“You’re fired.” No one wants to hear it, but most of us have at one point or another, either in our youth for being naive to the dangers of the real word, or later in life for not adapting to our environment.
The 2016 season will show us which CFL GMs have adapted enough to give their team a fighting chance. Making the playoffs will definitely come into consideration before some will get the axe or resign from their position. For others, making the playoffs simply is not enough after years of misplaced promises and mediocrity.
CFL GMs Under the Axe in 2016
The Montreal Alouettes have been a team most would view as successful, as a blueprint for all other teams to follow in order to obtain productive seasons.
Popp has been the only general manager this franchise has known. After being hired in 1994, then as a member of the Baltimore Stallions, Popp has been head of the table ever since. It’s an amazing accomplishment, for the same man to run a team for 22 seasons; except what this team hasn’t accomplished lately: a winning season.
The last winning season the Als had was back in 2012, not to mention the last Grey Cup the Als have played in was in 2010. To put that into perspective, the Winnipeg Blue Bombers have been to the big show more recently than the Alouettes.
It’s tough to argue with Popp’s past success, however, but what has he done lately? Signing Chad Johnson and Michael Sam? Duron Carter was a bright spot, his return to the organization will increase fan support, and unlike the two aforementioned players, he will bring production.
Popp is currently living in salary cap hell, and after years of depending on Anthony Calvillo and the great fortune of being in a very weak Eastern Division, that is currently picking up speed, has left Popp seemingly confused, stunned and incompetent.
The blue print on how to improve a football team has evaded Walters to this point. The current general manager of the Winnipeg Blue Bombers has a current record in the CFL of 14-34, not respectable at all.
Coming off a 5-13 season in 2015 the Bombers are revamping on offence this off-season in free agency, signing big ticket names Weston Dressler and Andrew Harris in the hope of turning this franchise around.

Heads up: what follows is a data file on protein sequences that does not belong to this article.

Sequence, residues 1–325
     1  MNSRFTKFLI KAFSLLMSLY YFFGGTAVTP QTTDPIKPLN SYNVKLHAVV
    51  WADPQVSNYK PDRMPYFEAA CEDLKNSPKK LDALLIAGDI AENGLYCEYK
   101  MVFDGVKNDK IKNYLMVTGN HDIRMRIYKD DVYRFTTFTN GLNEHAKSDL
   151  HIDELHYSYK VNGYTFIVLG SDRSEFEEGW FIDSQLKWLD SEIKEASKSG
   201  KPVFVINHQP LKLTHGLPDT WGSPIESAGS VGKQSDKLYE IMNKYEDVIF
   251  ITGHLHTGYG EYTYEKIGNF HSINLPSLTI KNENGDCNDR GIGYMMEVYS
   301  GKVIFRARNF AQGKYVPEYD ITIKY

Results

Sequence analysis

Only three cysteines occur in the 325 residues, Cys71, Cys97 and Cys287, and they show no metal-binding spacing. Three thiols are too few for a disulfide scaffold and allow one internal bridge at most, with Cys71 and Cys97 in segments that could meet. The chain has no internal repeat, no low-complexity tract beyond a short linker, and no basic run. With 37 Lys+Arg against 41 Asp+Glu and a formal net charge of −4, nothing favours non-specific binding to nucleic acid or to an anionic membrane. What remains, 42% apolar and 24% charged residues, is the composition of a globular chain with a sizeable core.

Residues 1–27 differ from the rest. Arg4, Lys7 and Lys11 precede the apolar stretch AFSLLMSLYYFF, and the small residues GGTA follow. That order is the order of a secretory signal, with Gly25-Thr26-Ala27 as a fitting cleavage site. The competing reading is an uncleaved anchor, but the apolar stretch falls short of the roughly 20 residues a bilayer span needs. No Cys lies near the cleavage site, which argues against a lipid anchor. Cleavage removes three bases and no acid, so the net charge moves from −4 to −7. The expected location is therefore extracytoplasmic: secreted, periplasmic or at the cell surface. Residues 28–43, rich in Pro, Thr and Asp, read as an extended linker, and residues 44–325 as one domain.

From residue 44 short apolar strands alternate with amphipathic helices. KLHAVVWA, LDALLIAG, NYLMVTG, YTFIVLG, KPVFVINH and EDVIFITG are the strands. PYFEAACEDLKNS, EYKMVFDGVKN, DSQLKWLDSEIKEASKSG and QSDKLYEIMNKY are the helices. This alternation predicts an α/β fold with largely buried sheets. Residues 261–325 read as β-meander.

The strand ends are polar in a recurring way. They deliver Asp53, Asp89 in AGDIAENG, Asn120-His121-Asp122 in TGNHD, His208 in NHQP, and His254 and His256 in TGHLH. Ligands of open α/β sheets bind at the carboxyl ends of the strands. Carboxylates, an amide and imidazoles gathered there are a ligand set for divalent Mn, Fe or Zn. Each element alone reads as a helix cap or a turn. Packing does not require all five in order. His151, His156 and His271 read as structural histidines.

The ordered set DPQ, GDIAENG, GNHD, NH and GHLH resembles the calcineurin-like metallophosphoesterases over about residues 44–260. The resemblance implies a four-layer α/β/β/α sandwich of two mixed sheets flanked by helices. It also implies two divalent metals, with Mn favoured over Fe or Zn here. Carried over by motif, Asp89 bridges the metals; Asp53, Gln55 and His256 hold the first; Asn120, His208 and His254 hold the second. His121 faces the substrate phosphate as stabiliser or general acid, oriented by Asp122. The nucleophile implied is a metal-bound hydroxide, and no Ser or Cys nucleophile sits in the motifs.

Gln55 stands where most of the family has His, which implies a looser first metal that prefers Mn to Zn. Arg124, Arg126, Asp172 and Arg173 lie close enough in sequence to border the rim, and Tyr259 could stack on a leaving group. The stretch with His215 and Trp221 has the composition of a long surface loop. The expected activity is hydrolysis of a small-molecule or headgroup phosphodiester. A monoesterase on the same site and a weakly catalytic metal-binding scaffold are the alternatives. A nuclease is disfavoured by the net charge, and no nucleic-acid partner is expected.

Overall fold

Paul LaPolice is making his return to the sidelines as an apparent replacement for head coach Mike O’Shea, should the Bombers struggle out of the gate in 2016.
A constant revolving door of free agents entering the Bomber dressing room may be a reason for the lack of improvement. Typically you see a core of a team and a natural leader that are the main stays on a good team- Just look at Edmonton. However when you have nothing to begin with, it’s time to implode and start fresh.
Walters will need this team to not only make the playoffs but win in the playoffs to secure his job for next season. He was the man to clean up Joe Macks mess, get this team organized and build a winning culture in Winnipeg. Walters as an executive holds a .354 winning percentage compared to Macks’ .350 in roughly the same amount of time.
However unlikely it may seem to fire a Hall of Famer, Buono is on the hot seat in 2016. Appointing himself as head coach for the upcoming season could prove to be disastrous if he is incapable of creating a fraction of the magic his team had in 2011 when he was last behind the bench. They won the Grey Cup that year, and Buono has been in the front office ever since.
Loyalty remains something to be desired and rare in professional sports, and the re-signing of Travis Lulay is questionable, so is Buono running a team or a boys club?
The previous two seasons, the Lions have squeaked into the post season only to be obliterated in the first round. The B.C. Lions have not won a playoff game since 2011, and that is a long time ago and things need to change, fast.
The 2015 Lions managed two wins against teams that finished the year with a winning record, and that in itself shows what this team was. Buono needs to fix this, another poor showing could result in him being relieved of his duties. It’s understood that in a salary cap system a team winning the championship will eventually undergo a rebuild process, but five years of it is an eternity in Canadian football.
Only time will tell if these CFL GMs will be keeping their job after this season.